Keywords: Computational economics,, Approximating Markov decision chains, MATLAB®,
    Date: 2014
    URL: http://d.repec.org/n?u=RePEc:vuw:vuwecf:3412&r=cmp
  4. By: Grosche, Stephanie; Heckelei, Thomas
    Abstract: Presumed portfolio benefits of commodities and the availability of index fund-type investment products increase attractiveness of commodity markets for financial traders. But resulting “index trading” strategies are suspected to inflate commodity prices above their fundamental value. We use a Heterogeneous Agent Model for the corn futures market, which can depict price dynamics from the interaction of fundamentalist commercial traders and chartist speculators, and estimate its parameters with the Method of Simulated Moments. In a scenario-based approach, we introduce index funds and simulate price effects from their inclusion in financial portfolio strategies. Results show that the additional long-only trading volume on the market does not inflate price levels but increases return volatility.
    Keywords: Heterogeneous agents, Agent-based modeling, Commodity index treading, Financialization of commodity markets, Agricultural and Food Policy, Agricultural Finance, Financial Economics, Research Methods/ Statistical Methods, D84, G15, G17, Q02,
    Date: 2014–06–07
    URL: http://d.repec.org/n?u=RePEc:ags:ubfred:172077&r=cmp
  5. By: Krawczyk, Jacek B; Townsend, Wilbur
    Abstract: A powerful method for computing Nash equilibria in constrained, multi-player games is created when the relaxation algorithm and the Nikaido-Isoda function are used within a MATLAB application. This paper describes that application, which is able to solve static and open-loop dynamic games specifed symbolically.
    Keywords: Nikaido-Isoda function, Coupled constraints., MATLAB,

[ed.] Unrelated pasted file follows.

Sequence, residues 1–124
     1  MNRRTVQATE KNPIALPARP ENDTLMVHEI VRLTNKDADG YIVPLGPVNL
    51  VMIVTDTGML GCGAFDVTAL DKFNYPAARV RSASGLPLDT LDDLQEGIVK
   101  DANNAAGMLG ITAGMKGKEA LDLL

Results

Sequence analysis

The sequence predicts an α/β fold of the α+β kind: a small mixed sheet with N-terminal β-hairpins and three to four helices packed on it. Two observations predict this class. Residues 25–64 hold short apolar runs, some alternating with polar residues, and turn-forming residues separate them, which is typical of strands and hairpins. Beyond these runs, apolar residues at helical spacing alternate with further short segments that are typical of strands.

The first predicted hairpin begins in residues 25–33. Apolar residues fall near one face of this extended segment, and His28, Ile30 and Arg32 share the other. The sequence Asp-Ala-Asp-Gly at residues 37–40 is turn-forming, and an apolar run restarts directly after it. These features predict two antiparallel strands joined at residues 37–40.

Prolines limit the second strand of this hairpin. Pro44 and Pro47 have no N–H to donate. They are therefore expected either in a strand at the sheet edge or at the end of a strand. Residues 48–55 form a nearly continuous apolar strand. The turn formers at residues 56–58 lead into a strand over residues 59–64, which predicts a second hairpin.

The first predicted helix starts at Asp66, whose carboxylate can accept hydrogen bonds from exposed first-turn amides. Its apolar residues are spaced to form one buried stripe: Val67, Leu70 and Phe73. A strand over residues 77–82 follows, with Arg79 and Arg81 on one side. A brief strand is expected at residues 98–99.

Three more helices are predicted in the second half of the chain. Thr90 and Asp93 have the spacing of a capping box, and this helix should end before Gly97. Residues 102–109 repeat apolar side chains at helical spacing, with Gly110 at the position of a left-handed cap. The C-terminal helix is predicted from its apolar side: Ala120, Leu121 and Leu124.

Date: 2014
    URL: http://d.repec.org/n?u=RePEc:vuw:vuwecf:3414&r=cmp
  6. By: Huber, Martin; Mellace, Giovanni; Lechner, Michael
    Abstract: Using a comprehensive simulation study based on empirical data, this paper investigates the finite sample properties of different classes of parametric and semi-parametric estimators of (natural or pure) direct and indirect causal effects used in mediation analysis under sequential conditional independence assumptions. The estimators are based on regression, inverse probability weighting, and combinations thereof. Our simulation design uses a large population of Swiss jobseekers and considers variations of several features of the data generating process and the implementation of the estimators that are of practical relevance. We find that no estimator performs uniformly best (in terms of root mean squared error) in all simulations. Overall, so-called ‘g-computation’ dominates. However, differences between estimators are often (but not always) minor in the various setups and the relative performance of the methods often (but not always) varies with the features of the data generating process.
    Keywords: Causal mechanisms, direct effects, indirect effects, simulation, empirical Monte Carlo Study, causal channels, mediation analysis, causal pathways
    JEL: C21
    Date: 2014–06
    URL: http://d.repec.org/n?u=RePEc:usg:econwp:2014:15&r=cmp
  7. By: Rao, Harish Venkatesh; Dutta, Goutam; Basu, Sankarshan
    Abstract: We introduce a stochastic optimization based decision support system (DSS) for asset-liability management of a life insurance firm using a multi-stage, stochastic optimization model. The DSS is based on a multi-stage stochastic linear program (SLP) with recourse for strategic planning. The model can be used with little or no knowledge of management sciences. The model maximizes the expected value of total reserve (policy holders’ reserve and shareholders’ reserve) at the end of the time period of planning. We discuss the issues related to database design structure, DSS interface design, database updating procedure, and solution reporting.